Hillbilly Boogie Surfin' Blues
(Don Leady Music)


Located over in Austin Texas, guitarist Don Leady is turning heads around with his 2013 CD entitled Hillbilly Boogie Surfin’ Blues. The self-produced CD finds Don in the studio backed up by a pair of excellent drummers running through a dozen instrumental rockers that touch on surf-rock, jazz, blues and early roots rock ‘n’ roll in the spirit of fellow Texan Buddy Holly, who actually did cut instrumental sides way back in the 1950's. Come to think of it, I could see Buddy really liking Don’s CD, with its inspiring pristine recording sound and all. Don Leady earned his reputation as one of Austin’s finest musicians thanks to his work with The Tailgators and the incredible Big Guitars From Texas lineup with Denny Freeman. Hillbilly Boogie Surfin’ Blues features fun-filled CD cover art and, enhanced by a pro studio recording, coupled with a very clean sounding mix and master, the sound is first rate. Featuring 12 rockin’ guitar tracks, Hillbilly Boogie Surfin’ Blues is one of the finest instrumental surf-rock / hillbilly-jazz guitar albums of 2013. presents an interview with

: It’s been a long time since I heard a guitar instrumental record as good as your new CD. How did the Hillbilly Boogie Surfin’ Blues CD come together and over what period of time was the album written and recorded?

DON LEADY: Actually the beginning was about 2009 when I wrote "Thunder And Lightning” on my Fernandes Tele (more about this guitar later). That song set the bar for the rest of the songs. I've always loved guitar instrumentals and it took me a very long time to write these songs, about three years. I had to wait for the songs to come to me. I wanted them to sound like individual songs not the same song, so I had to wait to come up with fresh ideas. Also, some of the songs are hard to play without getting lost so it took me a while to master them after I wrote them. It was really fun to have a new song to work on. Nothing makes me happier than when you know you have a new song and you are playing it for the first time. I actually started recording in 2011 at home. It took me quite a while to record the songs because I recorded them without overdubs and that is a real challenge but it improved my playing on the songs a lot. I actually recorded the guitar and bass at home on a digital recorder with click track. I recorded the guitar completely dry so it sounded like an electric guitar with no amp and did the same thing with the bass. My Dano 2 Lipstick tubes silver sparkle like my Fender Tele on the CD. I had talked with Stuart Sullivan and asked him if he could put my guitar and bass through his cool gear and he said that it would be possible so I continued to record at home with no pressure and I think that it helped me to play the songs the way I had imagined them.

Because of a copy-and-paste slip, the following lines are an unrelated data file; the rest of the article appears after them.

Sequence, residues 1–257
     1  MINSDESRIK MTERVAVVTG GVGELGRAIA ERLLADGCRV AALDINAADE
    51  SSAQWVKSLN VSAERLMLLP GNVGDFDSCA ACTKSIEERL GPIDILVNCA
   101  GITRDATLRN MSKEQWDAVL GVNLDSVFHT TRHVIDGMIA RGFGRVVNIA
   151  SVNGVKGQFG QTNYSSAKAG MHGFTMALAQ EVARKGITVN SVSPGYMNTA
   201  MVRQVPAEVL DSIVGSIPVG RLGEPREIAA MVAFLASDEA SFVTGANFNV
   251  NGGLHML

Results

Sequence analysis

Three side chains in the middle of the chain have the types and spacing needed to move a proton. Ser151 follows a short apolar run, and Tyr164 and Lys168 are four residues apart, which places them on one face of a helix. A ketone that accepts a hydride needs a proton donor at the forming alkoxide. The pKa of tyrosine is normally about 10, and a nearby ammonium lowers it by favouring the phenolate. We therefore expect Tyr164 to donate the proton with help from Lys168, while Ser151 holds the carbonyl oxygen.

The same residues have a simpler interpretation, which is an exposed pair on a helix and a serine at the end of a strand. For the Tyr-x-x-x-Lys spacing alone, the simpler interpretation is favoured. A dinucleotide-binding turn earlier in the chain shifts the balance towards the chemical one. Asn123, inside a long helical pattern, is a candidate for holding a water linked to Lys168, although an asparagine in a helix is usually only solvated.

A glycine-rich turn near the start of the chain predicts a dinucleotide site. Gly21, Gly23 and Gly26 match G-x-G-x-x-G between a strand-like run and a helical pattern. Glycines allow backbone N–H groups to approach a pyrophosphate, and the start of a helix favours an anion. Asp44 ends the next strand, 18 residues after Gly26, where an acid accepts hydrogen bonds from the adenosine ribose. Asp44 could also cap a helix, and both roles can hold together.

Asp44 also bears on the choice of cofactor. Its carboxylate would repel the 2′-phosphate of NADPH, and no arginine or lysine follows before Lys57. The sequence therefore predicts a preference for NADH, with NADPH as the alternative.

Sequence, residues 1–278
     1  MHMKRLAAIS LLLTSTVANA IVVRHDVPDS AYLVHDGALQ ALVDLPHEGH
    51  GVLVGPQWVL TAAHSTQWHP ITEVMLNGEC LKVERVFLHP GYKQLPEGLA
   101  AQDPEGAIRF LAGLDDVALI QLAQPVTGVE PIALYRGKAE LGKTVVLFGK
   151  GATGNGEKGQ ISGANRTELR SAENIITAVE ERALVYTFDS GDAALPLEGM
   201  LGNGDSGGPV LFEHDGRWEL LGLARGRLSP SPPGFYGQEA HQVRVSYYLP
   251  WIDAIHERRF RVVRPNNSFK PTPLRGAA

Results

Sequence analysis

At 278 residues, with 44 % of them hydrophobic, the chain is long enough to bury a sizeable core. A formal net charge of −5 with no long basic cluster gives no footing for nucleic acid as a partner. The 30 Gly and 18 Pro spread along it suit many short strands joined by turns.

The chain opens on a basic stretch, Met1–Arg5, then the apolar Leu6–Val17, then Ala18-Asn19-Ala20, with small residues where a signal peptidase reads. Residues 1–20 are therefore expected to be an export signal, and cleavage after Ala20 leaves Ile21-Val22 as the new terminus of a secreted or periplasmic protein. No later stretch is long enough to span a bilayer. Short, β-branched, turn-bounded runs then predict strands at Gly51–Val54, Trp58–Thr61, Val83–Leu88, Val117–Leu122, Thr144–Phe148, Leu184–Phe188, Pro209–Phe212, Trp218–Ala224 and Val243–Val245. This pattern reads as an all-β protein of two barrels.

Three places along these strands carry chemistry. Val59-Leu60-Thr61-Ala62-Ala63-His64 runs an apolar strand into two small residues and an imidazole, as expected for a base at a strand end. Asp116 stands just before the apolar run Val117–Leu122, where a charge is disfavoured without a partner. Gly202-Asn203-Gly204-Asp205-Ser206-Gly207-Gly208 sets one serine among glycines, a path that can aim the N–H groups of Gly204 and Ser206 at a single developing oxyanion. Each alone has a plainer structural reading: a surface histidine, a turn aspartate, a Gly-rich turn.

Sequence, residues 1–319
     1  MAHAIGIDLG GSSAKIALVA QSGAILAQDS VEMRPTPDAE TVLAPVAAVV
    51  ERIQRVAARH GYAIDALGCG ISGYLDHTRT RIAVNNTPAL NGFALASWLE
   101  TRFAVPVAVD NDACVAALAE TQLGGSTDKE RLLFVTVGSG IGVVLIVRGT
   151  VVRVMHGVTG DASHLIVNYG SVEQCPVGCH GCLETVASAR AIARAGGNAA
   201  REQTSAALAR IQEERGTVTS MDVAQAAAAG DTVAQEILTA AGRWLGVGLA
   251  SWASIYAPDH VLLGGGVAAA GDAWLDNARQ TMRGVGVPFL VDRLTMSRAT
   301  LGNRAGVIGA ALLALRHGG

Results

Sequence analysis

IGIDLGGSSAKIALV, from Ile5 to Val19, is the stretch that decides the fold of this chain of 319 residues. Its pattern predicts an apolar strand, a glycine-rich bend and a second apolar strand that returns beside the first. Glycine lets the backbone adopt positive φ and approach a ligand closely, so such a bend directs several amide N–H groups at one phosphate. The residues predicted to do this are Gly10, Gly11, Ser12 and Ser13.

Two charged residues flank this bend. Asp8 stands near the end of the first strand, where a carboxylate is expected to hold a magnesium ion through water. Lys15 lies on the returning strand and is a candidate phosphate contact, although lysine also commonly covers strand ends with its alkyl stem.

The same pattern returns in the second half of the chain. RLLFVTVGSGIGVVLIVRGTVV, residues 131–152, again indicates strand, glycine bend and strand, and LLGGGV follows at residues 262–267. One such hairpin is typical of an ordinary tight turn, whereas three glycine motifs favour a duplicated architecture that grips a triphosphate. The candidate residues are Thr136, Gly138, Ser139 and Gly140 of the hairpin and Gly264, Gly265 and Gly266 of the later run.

mwe3: Can you tell us about the studio where you recorded the CD and how you worked with Stuart Sullivan on the recording and mixing and how you achieved such a great sound on the CD sound and mastering?

DON LEADY: As I said earlier I recorded all the guitar and bass tracks on my digital recorder dry with no effects of any kind on the guitar or bass, then I took the tracks to Wire recording studio and Stuart Sullivan put it on his recording gear and played it back through a 1968 Silverface Princeton and we set the tone more for a little distortion edge and also put it through a reissue Baseman and we dialed that in to fatten up that Tele tone. They were in a big room: 15' ceiling and mic-ed close with a ‘57 thru a Neve 1073, an old 175b limiter and a room mic-RCA 44 or Telefunken sm-2, thru API 312 and Neve 2264. As you can tell I got this info from Stuart. That’s pretty much what we did on all the songs but varied the tones and of course. I use different pickup selections which can change the tone a lot. The bass went direct sometimes and on some songs we used an Ampeg B-15. Stuart is a studio pro that I have worked with for years with the Tailgators and other projects. I supervised him mixing this CD. I have learned one thing from recording at home, is that the end product is what you are hearing and it can be done in several ways as long as you keep it real. The drums were cut thru an API console with lots of room mics. We mixed thru vintage API 32/32, using an old Phillips tape echo and an EMT plate and an echo plate for reverb.

mwe3: There’s some great interplay between you and the two drummers Nico and Art Kidd. How long have you known those guys and who else was involved in the album? The cover art too is fantastic. I like the “Full Three Dimensional Stereo” logo! Kind of reminds me of the 1960s.